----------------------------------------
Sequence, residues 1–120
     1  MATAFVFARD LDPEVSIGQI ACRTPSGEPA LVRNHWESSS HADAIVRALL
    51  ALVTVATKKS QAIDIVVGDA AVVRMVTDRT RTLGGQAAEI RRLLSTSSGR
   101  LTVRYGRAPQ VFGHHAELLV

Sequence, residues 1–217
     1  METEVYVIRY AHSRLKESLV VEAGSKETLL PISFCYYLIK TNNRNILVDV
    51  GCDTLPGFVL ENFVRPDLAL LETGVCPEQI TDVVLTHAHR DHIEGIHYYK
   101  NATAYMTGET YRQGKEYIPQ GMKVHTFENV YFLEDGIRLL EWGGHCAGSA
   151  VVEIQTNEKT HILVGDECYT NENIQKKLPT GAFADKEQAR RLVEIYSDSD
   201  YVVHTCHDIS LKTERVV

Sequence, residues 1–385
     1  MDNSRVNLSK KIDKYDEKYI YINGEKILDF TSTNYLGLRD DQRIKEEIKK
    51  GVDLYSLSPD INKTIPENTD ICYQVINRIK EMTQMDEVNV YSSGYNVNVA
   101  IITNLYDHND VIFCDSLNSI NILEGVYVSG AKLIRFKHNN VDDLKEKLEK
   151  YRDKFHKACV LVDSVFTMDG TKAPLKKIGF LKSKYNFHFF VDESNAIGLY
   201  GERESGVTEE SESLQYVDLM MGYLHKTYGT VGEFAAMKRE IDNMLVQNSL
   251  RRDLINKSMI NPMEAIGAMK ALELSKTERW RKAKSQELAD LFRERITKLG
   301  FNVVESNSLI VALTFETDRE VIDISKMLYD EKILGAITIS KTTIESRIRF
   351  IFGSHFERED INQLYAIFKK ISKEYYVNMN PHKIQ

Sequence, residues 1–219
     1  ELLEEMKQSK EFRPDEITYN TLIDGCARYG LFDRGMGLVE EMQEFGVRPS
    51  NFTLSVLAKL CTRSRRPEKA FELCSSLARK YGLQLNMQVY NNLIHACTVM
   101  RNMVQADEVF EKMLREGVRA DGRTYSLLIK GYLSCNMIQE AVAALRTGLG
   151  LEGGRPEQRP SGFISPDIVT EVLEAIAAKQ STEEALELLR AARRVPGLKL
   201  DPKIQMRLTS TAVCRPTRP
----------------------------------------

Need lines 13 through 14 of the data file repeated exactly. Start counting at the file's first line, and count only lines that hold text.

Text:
    51  GVDLYSLSPD INKTIPENTD ICYQVINRIK EMTQMDEVNV YSSGYNVNVA
   101  IITNLYDHND VIFCDSLNSI NILEGVYVSG AKLIRFKHNN VDDLKEKLEK